Monday, June 27, 2016

The Musicians’ View

In assembling the latest Jam – celebrating 30 years of the magazine with the question, what is the future of jazz in Kansas City – capturing the views of musicians was critical. I chose to include one who has been part of the KC scene for over a quarter century and one who is relatively new.

The June/July Jam can be picked up (free!) all over town or can be downloaded as a PDF here. Or you can read the interview with Mayor James, the views of club managers, and the views of educators in the last few posts. Next week, excerpts will conclude with the article quoting the executive director of the American Jazz Museum. This week, here's the issue’s articles with the views of Hermon Mehari and Angela Hagenbach.


On August 28, 2009, the line to get into the Blue Room ran out the door and threatened to circle the block. Inside, Diverse was releasing their CD. The group, comprised mostly of UMKC jazz studies students, had won the Gene Harris Jazz Competition in June, 2008.

That night was when many in Kansas City recognized something special was happening in the jazz scene here. Some already knew. But others now understood that these young musicians brought special talent.

Hermon Mehari, a member of Diverse, remembers.

“It was a catalyst for original music in jazz. We were all pretty much working at that time individually. I feel like everyone from the get-go, all the players at UMKC, were immediately on the scene. Especially by 2009 I was being hired.

“During the competition I remember there was a lot of buzz about Diverse. Anything that gives Kansas City notoriety and the national spotlight, people around here get excited about.

“There wasn’t really a scene of young musicians with committed groups at the time, and especially committed groups playing original music. Now there’s a lot of that going on.”

Today, Mehari stands as a prime example of a young musician building a career in jazz in Kansas City in the 21st century.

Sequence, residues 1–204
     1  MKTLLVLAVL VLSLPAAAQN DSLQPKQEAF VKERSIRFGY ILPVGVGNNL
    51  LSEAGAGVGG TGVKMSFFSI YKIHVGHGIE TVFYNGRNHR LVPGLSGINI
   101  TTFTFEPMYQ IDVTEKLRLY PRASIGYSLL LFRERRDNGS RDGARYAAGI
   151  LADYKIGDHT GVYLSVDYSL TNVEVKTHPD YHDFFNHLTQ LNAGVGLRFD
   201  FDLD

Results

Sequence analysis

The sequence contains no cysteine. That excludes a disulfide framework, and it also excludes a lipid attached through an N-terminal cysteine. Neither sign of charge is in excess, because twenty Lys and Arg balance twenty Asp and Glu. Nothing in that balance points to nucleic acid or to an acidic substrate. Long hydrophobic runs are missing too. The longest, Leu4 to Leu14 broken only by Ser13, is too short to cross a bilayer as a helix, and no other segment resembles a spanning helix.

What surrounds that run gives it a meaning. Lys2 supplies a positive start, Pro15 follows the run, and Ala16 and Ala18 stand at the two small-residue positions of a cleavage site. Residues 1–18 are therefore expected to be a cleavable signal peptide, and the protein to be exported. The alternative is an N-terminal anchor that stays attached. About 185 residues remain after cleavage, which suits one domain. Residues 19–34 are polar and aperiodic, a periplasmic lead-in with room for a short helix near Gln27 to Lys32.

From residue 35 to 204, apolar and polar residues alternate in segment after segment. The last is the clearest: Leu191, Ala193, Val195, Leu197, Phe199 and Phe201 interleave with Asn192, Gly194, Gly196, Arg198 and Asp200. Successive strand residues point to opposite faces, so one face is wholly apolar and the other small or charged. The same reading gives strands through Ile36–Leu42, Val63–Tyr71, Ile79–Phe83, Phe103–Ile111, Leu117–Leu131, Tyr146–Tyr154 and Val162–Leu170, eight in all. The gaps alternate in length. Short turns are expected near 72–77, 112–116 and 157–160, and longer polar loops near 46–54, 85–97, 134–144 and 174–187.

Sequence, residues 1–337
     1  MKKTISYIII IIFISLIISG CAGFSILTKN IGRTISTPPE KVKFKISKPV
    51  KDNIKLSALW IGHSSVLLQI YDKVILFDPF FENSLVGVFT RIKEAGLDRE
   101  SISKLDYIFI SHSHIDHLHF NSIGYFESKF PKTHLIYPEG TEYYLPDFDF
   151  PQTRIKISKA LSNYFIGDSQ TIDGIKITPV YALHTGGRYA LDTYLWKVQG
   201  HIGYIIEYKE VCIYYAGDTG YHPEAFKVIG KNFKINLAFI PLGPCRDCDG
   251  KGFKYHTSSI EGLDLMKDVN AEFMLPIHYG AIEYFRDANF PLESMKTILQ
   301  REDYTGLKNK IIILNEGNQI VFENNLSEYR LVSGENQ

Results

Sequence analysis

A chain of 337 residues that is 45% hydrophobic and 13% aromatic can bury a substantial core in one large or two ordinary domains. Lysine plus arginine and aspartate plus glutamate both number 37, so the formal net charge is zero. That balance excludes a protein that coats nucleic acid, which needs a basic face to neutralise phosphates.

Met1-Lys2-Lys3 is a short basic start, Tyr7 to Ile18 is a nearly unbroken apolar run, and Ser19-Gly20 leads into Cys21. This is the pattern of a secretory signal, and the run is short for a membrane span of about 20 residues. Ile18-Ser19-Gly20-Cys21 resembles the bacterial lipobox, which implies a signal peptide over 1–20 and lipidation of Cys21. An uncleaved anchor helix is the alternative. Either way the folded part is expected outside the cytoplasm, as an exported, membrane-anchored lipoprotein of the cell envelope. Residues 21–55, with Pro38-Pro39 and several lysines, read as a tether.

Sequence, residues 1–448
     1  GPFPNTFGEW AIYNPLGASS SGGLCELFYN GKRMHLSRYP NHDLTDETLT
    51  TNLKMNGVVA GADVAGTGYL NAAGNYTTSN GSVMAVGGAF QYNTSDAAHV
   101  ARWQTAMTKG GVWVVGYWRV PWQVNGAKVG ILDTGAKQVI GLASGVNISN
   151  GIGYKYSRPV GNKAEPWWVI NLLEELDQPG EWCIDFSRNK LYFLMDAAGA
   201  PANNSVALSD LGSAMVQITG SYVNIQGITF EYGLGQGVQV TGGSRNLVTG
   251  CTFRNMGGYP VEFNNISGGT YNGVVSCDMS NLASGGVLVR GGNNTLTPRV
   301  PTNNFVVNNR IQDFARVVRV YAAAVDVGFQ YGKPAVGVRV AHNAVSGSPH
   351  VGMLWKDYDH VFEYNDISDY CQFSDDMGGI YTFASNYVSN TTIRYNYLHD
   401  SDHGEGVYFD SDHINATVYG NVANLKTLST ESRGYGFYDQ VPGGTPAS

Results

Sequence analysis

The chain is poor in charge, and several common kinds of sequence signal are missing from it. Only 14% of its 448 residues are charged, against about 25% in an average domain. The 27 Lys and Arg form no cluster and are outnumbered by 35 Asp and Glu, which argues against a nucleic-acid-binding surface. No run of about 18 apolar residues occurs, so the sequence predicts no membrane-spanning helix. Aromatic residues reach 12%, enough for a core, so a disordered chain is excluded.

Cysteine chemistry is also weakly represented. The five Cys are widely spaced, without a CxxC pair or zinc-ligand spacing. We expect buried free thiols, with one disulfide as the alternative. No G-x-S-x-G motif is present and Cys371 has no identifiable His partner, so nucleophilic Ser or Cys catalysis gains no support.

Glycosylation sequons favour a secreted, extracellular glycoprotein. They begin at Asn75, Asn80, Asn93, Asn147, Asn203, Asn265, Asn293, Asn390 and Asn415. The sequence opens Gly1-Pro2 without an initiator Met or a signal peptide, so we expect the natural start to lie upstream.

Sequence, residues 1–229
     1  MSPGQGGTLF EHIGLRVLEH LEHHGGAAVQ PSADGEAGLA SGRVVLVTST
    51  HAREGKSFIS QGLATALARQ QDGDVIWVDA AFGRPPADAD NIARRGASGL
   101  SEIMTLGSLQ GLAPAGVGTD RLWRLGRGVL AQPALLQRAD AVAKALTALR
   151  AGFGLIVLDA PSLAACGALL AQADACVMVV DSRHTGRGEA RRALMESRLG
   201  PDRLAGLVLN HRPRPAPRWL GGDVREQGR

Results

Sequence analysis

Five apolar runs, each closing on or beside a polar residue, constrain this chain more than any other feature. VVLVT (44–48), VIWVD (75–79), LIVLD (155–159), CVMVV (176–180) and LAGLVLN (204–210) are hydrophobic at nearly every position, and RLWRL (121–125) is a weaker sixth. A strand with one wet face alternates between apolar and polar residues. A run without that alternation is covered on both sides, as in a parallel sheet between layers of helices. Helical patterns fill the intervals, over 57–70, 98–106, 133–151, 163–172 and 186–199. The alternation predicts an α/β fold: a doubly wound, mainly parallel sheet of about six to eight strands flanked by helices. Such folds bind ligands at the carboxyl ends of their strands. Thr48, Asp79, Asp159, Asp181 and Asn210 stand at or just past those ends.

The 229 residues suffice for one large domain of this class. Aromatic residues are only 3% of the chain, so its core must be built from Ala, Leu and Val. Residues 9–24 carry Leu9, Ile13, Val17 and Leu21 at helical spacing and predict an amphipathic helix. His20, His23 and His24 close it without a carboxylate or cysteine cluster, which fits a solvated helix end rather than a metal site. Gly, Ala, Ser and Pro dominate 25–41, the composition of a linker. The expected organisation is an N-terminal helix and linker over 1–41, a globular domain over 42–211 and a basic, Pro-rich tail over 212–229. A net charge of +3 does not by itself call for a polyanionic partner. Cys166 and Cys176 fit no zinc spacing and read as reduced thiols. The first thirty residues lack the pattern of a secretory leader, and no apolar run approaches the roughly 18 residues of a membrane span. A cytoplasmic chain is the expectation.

“There’s a lot of potential to work here,” says Mehari, who moved to Kansas City to attend UMKC in 2006. “I’ve only seen ten years of it, but I feel like the scene here has always worked out in some way or another. It has its ups and downs but I think it’s on an upward trajectory in general, especially recently. If more players came here, it would be in concert with what I think is a growing younger audience. And I’m sure there’s going to be more venues opening up, and other places that maybe don’t have jazz yet will start having jazz.

“There’s enough work here. With the closing of Broadway Jazz Club and Take Five, the only thing that’s become more difficult is when I hear from people from out of town who want to come to Kansas City and play. That’s limited. One thing that has been a little more difficult is to accommodate touring musicians.”

Mehari has played a key role in enticing other outstanding jazz talent to move here and make Kansas City their base. He explains, “I kind of ushered in guys like Peter Schlamb, Karl McComas-Reichl and John Kizilarmut, who are incredible players who are not only part of the scene, they’re helping to push the scene. It means a lot that players like that would live here. It’s a testament to our scene. They love it. Those are guys who are also doing stuff outside of Kansas City on a regular basis. And all of that stuff is cool because it reflects on Kansas City.

“Peter and I have taken an initiative to start trying to bring people through here. I would never say that at the beginning the purpose is, hey, do you want to move here? It’s, let’s play. Then the love comes. I’ve brought Tony Trixier, who’s in Diverse now, maybe four times in the past four or five years. Recently Ben Van Gelder has come through a couple times. Travis Reuter, the guitar player, has partially moved here. Those guys talk about this place and all of a sudden young musicians in other cities are talking about Kansas City.”

But is Kansas City an environment that demands a musician plays more traditional jazz?

“It does in gigs like the Majestic,” Mehari says. “You’re mostly playing standards and swing. But with the Electric Tinks I play with Peter, we play First Fridays at the Green Lady, and it’s great. All original music and all electric music and it’s all top-notch players. I have liberty when I go to the Blue Room, I can do creatively what I want. And if I want to do the crossover stuff, I’m always open to play at clubs like the Record Bar or the Riot Room.

“It’s a balance. You can’t gig exclusively on the local scene playing just creative music. You can’t make a living. It’s impossible. If my income was solely based on playing Electric Tinks, and Peter was trying to book it as much as possible, it wouldn’t happen. But that’s the great thing about jazz musicians, we are very versatile. It’s important that we know the tradition anyway. We all love the traditions. We play all of the old stuff and we put our spin on the old stuff, too. It’s not just rehashing it in museum-type ways. It’s bringing life to it. And we have the original, creative stuff, too.”

Mehari and his peers find Kansas City to be a good base.